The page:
Hessler, James, Wayne Motts, and Steven Stanley. Pickett’s Charge at Gettysburg: A Guide to the Most Famous Attack in American History. El Dorado Hills, CA, Savas Beatie. 2015.
Details: 310 pages, index, bibliography, end notes, color and b/w photos, maps. ISBN 9781611212006, $37.95.
A reader may ask themselves several questions before making a decision to purchase yet another book on Gettysburg in general and another book on Pickett’s Charge specifically. Heck, there are several excellent Day 3 books available including books such as Pickett’s Charge–The Last Attack at Gettysburg (Civil War America)by Earl Hess, Gettysburg, Day Three by Jeffry Wert, and others. Once you take a look at this beauty you won’t be asking yourself any questions. All you will say is Ted Savas has done it again. You will have to have purchase it.
Part travel guide and part history this is a book that despite its heft can be used to tour the battlefield The book has the field is divided into four tours for ease of use. Tours include Confederate Battle Line, Pettigrew-Trimble Charge, Pickett’s Charge, and Union Battle Line. Tour stops include full GPS coordinates making it easy to pick and choose should a reader wish to only visit certain locations. Driving directions from stop to stop are included as well. Also included in the book is a full order of battle. The research is thorough, the bibliography is massive and there are nearly twenty pages of end notes. While the end notes take a bit of getting used to due to the numerous, yet informative, sidebars they are complete and a must review for those looking for further information. The book is full of maps and photos, both historic and modern.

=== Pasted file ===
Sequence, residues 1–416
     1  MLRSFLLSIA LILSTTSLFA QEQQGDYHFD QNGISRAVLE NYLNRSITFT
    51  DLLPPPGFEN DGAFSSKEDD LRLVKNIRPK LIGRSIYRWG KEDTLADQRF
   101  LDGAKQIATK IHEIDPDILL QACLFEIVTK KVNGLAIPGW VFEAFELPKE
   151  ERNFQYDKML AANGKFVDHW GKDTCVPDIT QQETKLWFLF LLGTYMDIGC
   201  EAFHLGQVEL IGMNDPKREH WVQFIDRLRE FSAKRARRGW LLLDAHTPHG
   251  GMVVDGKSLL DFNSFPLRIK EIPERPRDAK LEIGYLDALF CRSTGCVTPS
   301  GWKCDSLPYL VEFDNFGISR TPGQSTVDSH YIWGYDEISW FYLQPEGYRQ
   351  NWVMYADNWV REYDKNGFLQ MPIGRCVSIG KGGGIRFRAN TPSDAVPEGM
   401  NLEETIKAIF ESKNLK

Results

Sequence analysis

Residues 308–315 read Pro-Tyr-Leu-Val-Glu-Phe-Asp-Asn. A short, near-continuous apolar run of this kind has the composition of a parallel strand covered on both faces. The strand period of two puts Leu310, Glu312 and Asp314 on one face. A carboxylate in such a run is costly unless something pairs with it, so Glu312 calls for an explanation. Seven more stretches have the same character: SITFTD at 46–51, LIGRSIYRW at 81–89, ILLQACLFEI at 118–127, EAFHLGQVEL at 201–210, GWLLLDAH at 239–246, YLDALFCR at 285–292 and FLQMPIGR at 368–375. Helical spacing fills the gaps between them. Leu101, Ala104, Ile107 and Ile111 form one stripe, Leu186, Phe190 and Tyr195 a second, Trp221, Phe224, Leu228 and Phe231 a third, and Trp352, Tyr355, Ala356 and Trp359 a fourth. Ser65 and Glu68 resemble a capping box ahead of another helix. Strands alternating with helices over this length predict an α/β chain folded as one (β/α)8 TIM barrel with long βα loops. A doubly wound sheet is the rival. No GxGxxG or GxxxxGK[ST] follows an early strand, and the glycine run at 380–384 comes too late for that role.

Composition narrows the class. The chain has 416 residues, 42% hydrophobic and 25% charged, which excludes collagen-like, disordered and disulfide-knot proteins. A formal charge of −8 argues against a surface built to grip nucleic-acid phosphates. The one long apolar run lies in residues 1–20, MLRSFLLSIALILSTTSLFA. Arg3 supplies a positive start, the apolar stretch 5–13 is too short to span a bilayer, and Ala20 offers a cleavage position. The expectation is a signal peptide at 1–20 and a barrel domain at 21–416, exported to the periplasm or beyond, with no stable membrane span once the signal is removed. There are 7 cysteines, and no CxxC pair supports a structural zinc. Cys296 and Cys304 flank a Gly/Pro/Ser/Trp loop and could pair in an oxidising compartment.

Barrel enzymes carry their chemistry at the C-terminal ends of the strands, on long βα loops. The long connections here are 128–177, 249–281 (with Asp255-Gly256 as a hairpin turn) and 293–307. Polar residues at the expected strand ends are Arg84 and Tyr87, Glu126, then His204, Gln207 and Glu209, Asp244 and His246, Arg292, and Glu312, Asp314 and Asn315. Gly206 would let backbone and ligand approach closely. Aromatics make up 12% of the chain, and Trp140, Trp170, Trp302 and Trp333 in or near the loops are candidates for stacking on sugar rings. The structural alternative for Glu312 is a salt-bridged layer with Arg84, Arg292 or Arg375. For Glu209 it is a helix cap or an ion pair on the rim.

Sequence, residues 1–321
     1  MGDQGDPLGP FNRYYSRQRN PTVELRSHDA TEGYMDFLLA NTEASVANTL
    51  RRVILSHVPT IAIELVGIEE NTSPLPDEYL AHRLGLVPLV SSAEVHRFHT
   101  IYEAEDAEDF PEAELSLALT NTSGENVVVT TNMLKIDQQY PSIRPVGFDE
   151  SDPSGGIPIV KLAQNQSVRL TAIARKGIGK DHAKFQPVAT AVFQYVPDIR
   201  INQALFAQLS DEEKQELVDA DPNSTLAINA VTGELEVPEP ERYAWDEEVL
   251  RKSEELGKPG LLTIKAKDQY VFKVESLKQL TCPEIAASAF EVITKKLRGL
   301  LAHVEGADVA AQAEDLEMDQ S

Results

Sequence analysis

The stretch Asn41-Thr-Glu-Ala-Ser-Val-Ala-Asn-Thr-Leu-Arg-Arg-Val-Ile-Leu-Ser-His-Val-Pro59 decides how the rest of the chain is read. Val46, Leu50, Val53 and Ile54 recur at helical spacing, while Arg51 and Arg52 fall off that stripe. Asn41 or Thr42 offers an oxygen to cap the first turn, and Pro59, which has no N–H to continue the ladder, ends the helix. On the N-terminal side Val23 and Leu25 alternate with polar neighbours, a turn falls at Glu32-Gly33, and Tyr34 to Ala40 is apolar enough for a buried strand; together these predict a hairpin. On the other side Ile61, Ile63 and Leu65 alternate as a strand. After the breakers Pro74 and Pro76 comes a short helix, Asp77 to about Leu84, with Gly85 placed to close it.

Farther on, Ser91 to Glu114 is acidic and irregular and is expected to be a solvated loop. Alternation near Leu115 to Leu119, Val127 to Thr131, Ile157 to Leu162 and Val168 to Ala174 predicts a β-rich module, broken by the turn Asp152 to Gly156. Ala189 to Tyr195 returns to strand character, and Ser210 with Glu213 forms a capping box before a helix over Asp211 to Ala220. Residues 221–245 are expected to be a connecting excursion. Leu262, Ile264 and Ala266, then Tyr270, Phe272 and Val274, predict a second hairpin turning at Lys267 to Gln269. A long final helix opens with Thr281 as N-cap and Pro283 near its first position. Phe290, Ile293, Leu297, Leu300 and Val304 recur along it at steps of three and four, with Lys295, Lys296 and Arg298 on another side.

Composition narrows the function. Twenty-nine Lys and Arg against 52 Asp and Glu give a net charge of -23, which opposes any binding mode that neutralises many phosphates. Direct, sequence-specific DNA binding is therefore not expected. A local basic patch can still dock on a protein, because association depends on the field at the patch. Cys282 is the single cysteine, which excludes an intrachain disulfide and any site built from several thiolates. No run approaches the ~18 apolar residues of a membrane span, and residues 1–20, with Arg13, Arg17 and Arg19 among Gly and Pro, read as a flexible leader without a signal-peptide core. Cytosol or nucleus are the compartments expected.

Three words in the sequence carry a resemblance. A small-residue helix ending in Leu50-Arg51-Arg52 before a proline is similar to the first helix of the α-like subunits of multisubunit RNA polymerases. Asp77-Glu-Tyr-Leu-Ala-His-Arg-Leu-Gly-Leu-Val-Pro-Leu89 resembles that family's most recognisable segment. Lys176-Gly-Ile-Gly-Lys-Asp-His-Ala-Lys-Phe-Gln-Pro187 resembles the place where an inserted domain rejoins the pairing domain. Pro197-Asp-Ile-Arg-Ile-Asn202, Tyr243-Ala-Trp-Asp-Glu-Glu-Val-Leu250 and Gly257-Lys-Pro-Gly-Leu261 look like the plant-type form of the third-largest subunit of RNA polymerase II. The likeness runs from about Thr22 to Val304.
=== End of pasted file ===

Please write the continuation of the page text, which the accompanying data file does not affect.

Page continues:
Authors Hessler and Motts are both Licensed Battlefield Guides, a group who prides itself on strenuous standards and accurate story telling. The maps are beautifully crafted by cartographer Steven Stanley, who is known for his excellent work for the Civil War Trust.
This is a book that is highly recommended for any level of student of the battle of Gettysburg. The text is accessible and easy to read. The photos and maps are beautiful to look at. The book itself is sturdy and built to withstand use on the field or look great on a bookshelf. Don’t miss this title. It should be in every Civil War library.